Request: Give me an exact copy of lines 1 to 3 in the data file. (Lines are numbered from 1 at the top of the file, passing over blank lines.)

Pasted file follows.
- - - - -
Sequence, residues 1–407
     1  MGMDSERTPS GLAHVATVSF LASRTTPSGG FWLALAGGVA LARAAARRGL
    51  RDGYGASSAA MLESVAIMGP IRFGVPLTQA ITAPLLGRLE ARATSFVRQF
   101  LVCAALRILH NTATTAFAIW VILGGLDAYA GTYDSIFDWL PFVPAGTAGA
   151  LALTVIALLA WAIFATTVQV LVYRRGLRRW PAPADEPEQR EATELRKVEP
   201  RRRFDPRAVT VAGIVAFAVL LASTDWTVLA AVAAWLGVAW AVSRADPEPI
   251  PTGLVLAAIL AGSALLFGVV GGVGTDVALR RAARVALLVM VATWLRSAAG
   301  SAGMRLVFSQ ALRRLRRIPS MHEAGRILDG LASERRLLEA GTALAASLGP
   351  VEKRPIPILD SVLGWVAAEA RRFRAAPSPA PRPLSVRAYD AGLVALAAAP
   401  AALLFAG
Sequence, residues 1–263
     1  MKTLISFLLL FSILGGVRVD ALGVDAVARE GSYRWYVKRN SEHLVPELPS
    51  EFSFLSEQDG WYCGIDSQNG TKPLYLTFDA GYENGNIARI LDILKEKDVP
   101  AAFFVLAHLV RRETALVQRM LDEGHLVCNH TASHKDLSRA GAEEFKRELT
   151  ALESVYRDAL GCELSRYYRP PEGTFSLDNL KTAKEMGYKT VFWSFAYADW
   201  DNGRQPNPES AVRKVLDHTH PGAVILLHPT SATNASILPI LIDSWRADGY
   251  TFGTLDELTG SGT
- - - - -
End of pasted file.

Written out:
Sequence, residues 1–407
     1  MGMDSERTPS GLAHVATVSF LASRTTPSGG FWLALAGGVA LARAAARRGL
    51  RDGYGASSAA MLESVAIMGP IRFGVPLTQA ITAPLLGRLE ARATSFVRQF